• News
  • Lockheed Martin launches official protest over US Army's exclusion of C-130J Hercules from Joint Cargo Aircraft contest

Lockheed Martin launches official protest over US Army's exclusion of C-130J Hercules from Joint Cargo Aircraft contest

Formal protest launched over C-130J's elimination before USAF defines requirements

Lockheed Martin has formally protested the US Army's exclusion of its C-130J Hercules from the Joint Cargo Aircraft (JCA) competition, arguing its design should not be eliminated before the US Air Force's requirements are incorporated into the programme.

The company wants a stay of any contract award until the Government Accountability Office has completed a 100-day review, but the US Army says it can proceed with a flight evaluation of the two aircraft remaining in the competition, the Alenia Aeronautica C-27J and EADS Casa C-295.

A downselect is due in March 2007, and Lockheed's protest could tip the balance in Congress towards delaying the JCA programme by at least a year to give the USAF time to define its requirements. The Senate has already zeroed the programme for 2007, but the House has provided funds, meaning the issue will be decided in conference.

According to Lockheed, the US Army ruled the C-130J did not meet two "entry gate" criteria for JCA requiring US Federal Aviation Administration certification of the baseline aircraft and CNS/ATM capability in a certain timeframe. "The army would not accept US Air Force certification of the J," says Rob Weiss, vice-president, aeronautics business development.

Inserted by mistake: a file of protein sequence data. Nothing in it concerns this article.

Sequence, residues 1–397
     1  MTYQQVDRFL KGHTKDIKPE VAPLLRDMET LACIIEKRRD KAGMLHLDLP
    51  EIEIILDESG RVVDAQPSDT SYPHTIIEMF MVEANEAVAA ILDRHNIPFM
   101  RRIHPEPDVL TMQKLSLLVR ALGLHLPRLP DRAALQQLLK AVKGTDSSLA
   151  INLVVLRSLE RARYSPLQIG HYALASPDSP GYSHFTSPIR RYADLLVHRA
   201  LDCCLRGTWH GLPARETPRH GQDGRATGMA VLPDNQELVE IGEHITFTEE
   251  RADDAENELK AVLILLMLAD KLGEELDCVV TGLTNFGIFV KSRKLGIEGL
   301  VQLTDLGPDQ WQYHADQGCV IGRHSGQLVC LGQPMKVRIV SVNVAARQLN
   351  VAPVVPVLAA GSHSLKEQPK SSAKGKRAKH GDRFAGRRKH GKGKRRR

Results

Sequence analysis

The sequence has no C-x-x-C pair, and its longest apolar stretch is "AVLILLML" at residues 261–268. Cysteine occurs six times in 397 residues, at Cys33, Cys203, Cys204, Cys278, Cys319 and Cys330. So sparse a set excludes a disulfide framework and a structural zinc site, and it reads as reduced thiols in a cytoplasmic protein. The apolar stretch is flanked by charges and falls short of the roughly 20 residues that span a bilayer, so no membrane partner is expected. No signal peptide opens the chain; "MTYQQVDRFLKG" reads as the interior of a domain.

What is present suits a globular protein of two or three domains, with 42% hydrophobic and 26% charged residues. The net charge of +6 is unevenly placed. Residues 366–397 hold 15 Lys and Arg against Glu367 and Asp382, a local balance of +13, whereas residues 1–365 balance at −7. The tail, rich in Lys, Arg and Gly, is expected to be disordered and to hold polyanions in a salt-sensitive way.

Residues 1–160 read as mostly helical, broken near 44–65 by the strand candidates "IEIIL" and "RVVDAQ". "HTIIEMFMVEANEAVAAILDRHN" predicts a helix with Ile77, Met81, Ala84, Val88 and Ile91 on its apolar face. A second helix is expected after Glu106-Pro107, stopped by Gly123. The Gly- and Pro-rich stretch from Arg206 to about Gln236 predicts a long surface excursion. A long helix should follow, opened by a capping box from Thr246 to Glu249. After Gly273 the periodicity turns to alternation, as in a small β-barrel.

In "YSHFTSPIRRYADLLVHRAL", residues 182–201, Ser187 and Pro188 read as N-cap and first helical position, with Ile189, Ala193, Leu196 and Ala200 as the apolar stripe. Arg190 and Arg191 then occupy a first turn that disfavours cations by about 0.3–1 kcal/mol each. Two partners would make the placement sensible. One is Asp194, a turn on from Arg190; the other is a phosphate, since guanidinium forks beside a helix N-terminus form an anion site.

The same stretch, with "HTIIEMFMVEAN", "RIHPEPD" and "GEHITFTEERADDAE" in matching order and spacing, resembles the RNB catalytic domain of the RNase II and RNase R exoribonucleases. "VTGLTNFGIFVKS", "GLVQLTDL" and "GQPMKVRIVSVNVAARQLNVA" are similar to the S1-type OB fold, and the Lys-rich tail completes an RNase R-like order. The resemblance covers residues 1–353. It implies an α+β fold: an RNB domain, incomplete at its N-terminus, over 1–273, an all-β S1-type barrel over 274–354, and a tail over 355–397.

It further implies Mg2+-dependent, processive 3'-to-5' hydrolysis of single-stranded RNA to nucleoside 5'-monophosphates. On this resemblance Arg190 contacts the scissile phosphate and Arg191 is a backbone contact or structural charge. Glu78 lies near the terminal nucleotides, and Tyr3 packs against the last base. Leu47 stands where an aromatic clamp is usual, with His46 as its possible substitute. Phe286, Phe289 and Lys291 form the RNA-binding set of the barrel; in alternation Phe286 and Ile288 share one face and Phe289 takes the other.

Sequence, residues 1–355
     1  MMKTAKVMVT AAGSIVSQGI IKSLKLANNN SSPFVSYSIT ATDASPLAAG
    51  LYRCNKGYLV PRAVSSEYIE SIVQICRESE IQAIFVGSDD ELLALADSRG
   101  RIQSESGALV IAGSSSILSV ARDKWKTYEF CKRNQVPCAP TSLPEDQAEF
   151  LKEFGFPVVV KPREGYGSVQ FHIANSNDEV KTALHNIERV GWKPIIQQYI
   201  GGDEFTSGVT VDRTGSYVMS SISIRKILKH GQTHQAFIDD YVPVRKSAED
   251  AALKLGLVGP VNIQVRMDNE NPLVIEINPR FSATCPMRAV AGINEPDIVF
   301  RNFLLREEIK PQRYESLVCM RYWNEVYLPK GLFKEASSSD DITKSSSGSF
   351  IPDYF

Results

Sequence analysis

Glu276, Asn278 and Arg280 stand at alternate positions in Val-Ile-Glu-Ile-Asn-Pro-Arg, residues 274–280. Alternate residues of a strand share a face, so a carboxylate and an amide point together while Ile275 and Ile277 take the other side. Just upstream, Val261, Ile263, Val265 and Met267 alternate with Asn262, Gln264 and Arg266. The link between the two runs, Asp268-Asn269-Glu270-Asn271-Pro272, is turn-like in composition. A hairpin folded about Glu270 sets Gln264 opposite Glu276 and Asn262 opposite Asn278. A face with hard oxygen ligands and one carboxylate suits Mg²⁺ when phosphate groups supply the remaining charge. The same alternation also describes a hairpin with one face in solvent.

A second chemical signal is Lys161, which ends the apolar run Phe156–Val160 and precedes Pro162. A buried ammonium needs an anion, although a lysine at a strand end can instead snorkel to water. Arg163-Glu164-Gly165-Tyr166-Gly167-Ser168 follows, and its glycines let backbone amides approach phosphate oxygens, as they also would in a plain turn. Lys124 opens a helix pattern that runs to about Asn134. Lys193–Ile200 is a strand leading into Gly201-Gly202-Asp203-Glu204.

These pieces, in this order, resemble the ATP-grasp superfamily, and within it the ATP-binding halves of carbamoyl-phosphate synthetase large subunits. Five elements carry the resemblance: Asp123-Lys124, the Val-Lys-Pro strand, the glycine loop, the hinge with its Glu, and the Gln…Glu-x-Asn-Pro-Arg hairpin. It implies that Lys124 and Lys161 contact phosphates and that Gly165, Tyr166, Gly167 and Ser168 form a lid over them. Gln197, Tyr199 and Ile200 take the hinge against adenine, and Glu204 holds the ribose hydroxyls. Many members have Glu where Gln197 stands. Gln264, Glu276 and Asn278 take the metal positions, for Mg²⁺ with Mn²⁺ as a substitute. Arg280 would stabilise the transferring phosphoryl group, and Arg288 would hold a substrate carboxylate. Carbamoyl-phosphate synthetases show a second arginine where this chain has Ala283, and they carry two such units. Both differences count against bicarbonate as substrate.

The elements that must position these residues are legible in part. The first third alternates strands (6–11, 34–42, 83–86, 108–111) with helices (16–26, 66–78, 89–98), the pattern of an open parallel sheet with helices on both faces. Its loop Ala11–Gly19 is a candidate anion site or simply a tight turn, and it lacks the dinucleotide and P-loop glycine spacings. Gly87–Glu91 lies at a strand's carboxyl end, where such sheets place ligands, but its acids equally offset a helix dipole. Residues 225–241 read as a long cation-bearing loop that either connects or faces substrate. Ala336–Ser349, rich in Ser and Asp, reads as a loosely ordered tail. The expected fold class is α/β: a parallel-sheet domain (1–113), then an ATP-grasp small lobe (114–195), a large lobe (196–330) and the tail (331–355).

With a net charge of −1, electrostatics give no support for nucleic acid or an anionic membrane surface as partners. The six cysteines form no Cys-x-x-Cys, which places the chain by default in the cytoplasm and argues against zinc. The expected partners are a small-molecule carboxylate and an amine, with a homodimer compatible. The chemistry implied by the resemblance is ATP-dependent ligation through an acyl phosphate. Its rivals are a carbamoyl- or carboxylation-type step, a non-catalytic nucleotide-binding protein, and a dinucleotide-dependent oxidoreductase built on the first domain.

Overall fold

© Lockheed Martin 

 Lockheed Martin wants a chance to demonstrate the C-130J's capabilities

The US Army also eliminated EADS Casa's CN-235, saying its Rockwell Collins avionics suite was not covered by an FAA type certificate. L-3 Communications, leading the C-27J bid, says its aircraft has "FAA-equivalent [JAA] type certification and a roadmap to FAA certification for the JCA configuration". Raytheon, leading the C-295 bid, says it "has FAA certification".

Weiss says Lockheed's baseline 382J has FAA certification, while the military modifications to produce the C-130J have been qualified by the US Air Force, Navy and international customers. "We do not understand why the army will accept foreign certification for competing aircraft, but not accept air force certification," he says.

Lockheed wants the C-130J re-instated, and a chance to demonstrate its capabilities. "A decision to eliminate a platform at this stage is inconsistent with the [Department of Defense] directive for a joint programme," says Weiss. It is expected to be several months before USAF requirements are fully defined.

Related Content